Warren Buffett once told shareholders: “I have pledged — to you, the rating agencies, and myself — to always run Berkshire with more than ample cash. We never want to count on the kindness of strangers in order to meet tomorrow’s obligations. When forced to choose, I will not trade even a night’s sleep for the chance of extra profits.” That has proven to be a successful strategy for the Oracle of Omaha, but many Americans are failing to apply the same principles to their personal finances.
A lack of cash and an abundance of debt appears to be causing insomnia. According to a new poll from the National Foundation for Credit Counseling, 79 percent of respondents said that their personal finances keep them awake at night, compared to only 13 percent who say they sleep like a baby. The remaining people say marital concerns, job security, and problems with the children are the cause of their sleep issues.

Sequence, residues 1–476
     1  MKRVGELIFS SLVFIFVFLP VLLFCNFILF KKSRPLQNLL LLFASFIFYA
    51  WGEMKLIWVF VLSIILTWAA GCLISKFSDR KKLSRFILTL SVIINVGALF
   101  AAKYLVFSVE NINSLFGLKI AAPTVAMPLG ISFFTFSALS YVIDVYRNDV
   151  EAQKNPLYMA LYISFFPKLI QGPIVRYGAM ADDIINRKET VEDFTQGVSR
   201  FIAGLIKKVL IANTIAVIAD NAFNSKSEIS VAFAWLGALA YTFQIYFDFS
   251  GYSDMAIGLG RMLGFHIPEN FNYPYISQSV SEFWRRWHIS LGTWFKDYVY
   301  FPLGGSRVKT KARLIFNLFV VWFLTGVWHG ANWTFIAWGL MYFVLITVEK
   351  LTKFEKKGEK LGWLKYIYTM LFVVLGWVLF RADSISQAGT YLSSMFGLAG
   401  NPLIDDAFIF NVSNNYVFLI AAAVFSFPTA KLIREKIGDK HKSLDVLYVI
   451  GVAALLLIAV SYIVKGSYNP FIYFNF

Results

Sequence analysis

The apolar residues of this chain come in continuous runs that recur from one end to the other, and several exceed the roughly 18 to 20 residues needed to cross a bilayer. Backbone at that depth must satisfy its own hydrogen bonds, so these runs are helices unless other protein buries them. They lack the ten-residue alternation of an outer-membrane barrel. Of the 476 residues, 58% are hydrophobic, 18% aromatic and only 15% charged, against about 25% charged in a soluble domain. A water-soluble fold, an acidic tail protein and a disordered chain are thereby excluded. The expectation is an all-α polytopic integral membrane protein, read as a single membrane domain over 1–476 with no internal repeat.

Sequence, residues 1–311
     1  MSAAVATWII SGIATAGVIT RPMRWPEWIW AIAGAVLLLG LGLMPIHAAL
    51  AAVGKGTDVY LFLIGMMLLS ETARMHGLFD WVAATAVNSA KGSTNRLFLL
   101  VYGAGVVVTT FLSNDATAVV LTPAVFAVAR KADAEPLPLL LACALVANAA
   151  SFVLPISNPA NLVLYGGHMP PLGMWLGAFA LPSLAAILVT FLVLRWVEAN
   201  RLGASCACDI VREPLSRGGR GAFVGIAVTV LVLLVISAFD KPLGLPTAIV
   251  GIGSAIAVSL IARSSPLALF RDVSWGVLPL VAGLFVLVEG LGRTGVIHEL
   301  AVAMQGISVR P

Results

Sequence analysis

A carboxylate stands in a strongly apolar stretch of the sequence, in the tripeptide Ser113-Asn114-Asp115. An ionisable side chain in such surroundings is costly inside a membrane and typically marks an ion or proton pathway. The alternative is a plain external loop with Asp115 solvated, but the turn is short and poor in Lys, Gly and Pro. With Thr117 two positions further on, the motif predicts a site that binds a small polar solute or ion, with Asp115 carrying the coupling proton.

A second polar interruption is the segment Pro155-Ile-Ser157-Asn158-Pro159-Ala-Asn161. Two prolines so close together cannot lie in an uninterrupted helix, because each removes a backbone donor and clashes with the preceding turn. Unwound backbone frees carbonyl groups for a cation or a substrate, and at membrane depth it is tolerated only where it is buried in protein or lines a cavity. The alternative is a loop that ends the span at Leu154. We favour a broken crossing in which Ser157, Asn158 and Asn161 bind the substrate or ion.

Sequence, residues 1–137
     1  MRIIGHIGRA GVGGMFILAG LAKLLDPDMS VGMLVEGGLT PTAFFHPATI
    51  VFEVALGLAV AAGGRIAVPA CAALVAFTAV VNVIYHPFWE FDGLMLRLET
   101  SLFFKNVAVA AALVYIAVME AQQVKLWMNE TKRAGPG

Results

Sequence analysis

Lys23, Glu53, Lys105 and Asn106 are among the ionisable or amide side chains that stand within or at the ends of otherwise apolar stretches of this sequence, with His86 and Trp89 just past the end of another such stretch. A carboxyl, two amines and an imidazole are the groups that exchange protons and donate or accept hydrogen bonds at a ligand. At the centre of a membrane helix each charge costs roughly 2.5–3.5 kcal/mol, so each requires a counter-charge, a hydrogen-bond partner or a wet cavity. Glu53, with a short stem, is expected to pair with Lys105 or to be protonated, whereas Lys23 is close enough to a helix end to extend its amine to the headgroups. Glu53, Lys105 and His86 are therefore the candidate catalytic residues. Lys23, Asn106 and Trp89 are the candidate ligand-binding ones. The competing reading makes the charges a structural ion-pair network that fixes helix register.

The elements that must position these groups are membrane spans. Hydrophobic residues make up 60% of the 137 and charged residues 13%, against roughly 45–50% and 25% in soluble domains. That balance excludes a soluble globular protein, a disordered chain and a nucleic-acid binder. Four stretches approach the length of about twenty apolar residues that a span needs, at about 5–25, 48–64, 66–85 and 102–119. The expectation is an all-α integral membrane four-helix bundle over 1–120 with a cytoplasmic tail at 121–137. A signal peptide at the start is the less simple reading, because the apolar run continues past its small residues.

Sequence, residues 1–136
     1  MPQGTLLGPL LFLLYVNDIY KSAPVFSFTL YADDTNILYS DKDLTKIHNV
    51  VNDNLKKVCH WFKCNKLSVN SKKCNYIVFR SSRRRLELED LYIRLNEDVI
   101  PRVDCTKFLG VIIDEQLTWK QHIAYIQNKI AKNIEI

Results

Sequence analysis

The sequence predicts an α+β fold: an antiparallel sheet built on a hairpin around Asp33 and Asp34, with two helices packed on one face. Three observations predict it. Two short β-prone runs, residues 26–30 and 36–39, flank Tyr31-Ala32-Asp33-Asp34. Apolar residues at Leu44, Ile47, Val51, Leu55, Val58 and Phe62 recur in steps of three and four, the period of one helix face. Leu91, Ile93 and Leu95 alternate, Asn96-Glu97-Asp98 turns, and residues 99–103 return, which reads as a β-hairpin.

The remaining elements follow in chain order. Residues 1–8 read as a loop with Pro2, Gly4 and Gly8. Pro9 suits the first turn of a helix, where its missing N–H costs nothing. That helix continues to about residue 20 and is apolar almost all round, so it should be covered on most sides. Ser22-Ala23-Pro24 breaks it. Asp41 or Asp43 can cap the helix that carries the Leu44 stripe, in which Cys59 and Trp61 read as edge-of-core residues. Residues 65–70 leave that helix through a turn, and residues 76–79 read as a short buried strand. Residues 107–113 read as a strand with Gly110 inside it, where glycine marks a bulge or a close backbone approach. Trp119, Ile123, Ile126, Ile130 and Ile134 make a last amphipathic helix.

“In addition to the obvious credit problems resulting from overwhelming debt, financial concerns can wreck marriages, tear families apart, and put a person’s job in jeopardy due to being distracted while at work,” said the NFCC. “Debt is like a dark cloud that follows a person 24 hours per day. They wake up with it, take it to work with them, and as the NFCC poll confirmed, they take it back to bed with them.”